Police officers in Monona, Wisconsin, have a new way to draw in revenue thanks to a new anti-bullying ordinance passed by the locality’s lawmakers: They can ticket parents for having children who are bullies.
The ability to ticket parents for their children’s anti-social behavior is part of a broader ordinance that officials in the city say they passed to address concerns about harassment and emotional abuse which could lead to increasing violence.
Law enforcement officials say the threat of a ticket will simply make parents cooperate with police if their children are charged with bullying others.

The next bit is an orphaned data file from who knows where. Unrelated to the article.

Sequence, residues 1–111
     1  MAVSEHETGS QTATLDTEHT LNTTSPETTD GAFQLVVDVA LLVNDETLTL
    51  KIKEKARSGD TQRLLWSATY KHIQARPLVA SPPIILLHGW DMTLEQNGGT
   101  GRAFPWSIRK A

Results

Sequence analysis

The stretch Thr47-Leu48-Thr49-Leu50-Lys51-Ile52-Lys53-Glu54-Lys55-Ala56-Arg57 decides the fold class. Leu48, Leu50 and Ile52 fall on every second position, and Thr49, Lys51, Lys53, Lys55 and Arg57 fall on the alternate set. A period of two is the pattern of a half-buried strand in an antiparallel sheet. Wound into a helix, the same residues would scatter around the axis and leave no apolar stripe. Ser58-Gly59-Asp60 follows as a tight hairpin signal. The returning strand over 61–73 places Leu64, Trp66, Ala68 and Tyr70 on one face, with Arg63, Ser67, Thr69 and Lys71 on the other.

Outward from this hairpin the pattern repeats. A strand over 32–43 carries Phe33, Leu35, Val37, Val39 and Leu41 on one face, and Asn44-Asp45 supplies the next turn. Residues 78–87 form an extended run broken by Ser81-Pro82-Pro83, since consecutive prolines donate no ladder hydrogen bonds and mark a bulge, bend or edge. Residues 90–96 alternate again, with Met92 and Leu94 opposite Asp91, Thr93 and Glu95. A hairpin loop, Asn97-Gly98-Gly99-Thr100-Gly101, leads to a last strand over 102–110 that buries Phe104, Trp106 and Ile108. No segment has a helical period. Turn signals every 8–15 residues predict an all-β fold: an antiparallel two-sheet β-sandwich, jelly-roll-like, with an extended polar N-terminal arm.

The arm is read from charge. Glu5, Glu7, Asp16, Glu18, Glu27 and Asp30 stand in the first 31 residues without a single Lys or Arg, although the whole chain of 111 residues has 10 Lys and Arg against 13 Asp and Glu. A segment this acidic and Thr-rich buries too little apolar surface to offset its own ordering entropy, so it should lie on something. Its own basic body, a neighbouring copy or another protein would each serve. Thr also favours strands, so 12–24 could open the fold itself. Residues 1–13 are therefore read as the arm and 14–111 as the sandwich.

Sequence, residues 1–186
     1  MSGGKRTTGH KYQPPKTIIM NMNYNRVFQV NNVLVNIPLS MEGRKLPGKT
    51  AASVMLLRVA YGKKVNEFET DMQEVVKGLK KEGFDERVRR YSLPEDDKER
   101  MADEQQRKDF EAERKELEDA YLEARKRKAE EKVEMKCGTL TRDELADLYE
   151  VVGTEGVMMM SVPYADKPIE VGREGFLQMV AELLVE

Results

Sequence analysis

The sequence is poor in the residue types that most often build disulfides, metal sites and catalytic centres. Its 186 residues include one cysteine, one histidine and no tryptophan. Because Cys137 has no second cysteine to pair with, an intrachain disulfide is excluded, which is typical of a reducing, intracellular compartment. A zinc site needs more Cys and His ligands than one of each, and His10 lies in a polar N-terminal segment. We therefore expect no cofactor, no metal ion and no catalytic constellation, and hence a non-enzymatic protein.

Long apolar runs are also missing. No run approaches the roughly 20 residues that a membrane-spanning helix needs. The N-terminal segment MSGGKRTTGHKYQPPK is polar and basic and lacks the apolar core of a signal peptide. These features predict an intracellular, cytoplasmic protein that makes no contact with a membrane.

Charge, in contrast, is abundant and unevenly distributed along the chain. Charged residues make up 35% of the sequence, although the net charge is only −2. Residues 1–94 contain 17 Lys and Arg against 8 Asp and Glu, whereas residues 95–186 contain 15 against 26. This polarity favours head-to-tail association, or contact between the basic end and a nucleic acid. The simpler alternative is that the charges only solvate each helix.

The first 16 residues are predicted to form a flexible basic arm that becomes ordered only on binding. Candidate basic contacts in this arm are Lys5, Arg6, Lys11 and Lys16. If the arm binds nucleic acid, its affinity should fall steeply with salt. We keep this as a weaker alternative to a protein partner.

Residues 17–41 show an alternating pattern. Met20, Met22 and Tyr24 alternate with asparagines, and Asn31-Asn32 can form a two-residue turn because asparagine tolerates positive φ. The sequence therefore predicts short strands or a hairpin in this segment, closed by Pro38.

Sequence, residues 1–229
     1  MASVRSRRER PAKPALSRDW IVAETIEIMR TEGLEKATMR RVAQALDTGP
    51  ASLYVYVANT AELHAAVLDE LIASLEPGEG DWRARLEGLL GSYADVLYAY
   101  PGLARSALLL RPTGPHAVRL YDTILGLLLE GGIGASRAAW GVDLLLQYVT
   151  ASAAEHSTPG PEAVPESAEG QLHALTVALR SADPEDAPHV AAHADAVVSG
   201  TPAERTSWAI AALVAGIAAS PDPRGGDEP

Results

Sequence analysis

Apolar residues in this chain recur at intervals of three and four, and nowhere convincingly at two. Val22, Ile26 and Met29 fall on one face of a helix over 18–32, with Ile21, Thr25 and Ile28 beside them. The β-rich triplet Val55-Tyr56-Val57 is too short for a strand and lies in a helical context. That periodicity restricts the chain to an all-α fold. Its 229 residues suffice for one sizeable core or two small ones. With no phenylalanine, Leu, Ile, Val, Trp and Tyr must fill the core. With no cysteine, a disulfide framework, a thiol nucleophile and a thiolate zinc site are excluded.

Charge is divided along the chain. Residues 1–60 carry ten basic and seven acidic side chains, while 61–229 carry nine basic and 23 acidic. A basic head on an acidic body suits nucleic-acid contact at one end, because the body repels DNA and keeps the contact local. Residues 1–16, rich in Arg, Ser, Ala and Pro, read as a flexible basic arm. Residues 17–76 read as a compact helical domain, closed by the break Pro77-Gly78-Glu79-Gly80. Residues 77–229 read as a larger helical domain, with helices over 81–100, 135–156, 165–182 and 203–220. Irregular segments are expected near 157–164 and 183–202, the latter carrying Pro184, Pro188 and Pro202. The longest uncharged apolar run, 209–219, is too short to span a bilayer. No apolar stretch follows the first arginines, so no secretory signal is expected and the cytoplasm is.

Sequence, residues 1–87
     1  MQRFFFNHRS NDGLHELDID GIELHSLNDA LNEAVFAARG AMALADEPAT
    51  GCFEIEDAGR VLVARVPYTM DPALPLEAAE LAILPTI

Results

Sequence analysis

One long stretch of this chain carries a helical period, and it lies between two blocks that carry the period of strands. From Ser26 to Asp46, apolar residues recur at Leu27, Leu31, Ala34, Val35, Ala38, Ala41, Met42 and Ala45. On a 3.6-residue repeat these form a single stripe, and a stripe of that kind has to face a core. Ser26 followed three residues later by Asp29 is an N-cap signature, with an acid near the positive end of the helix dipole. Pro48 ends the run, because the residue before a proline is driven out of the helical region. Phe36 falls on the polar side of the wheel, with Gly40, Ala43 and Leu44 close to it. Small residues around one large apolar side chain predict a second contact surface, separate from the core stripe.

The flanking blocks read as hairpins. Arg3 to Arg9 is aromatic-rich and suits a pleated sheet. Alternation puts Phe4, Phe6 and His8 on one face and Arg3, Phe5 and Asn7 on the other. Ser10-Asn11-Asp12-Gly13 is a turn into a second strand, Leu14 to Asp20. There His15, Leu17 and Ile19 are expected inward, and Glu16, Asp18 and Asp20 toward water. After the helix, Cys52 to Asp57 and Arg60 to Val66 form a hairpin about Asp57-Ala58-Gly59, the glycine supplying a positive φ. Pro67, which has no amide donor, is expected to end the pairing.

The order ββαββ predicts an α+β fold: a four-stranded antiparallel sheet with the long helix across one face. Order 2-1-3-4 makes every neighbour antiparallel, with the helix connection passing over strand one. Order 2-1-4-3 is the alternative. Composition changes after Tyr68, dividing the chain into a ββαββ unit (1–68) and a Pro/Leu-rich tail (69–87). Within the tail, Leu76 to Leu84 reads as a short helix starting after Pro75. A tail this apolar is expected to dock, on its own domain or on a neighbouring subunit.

“Sometimes you’ll knock on someone’s door and they won’t want to talk to you — their kids are perfect, they could never do anything wrong,” Monona Police Chief Wally Ostrenga told Wisconsin State Journal. “This is for those times when we get the door slammed in our faces.”
In the event that their youngster gets into trouble with authorities for bullying, parents will be informed in writing by an officer if a separate violation of bullying by the same minor had occurred within the prior 90 days. If so, a first violation of the parent-liability clause carries a $114 fine. Subsequent violations within the same year carry fines of $177 each.